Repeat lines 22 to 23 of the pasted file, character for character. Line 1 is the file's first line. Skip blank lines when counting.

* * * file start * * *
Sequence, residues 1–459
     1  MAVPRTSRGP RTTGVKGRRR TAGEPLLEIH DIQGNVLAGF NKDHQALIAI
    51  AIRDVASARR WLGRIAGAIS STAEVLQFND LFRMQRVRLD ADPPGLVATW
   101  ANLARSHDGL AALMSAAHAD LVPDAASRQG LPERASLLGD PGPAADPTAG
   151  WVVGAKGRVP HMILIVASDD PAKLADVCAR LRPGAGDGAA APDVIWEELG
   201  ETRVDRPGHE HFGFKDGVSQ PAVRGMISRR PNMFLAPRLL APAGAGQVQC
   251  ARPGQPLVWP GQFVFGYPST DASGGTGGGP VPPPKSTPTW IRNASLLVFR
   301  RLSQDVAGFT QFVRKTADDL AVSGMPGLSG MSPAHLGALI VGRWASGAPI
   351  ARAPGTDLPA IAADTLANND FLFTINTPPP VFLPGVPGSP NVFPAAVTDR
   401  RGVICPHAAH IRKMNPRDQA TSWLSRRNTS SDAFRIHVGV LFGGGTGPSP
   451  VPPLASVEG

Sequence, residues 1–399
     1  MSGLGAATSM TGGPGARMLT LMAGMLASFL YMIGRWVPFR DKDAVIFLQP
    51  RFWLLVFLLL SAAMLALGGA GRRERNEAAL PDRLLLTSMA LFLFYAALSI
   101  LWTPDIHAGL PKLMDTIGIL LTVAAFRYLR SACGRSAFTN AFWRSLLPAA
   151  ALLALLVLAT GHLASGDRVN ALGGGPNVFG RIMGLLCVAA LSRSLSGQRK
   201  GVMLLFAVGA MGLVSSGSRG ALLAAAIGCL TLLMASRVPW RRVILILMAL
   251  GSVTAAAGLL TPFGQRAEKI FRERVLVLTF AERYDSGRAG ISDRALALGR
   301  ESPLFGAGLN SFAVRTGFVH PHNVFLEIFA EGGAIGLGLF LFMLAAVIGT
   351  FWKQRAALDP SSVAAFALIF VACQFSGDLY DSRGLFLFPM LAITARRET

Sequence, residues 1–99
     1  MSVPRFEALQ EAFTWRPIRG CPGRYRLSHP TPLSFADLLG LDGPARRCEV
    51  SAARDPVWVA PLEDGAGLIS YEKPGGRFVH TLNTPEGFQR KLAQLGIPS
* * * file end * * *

     1  MSVPRFEALQ EAFTWRPIRG CPGRYRLSHP TPLSFADLLG LDGPARRCEV
    51  SAARDPVWVA PLEDGAGLIS YEKPGGRFVH TLNTPEGFQR KLAQLGIPS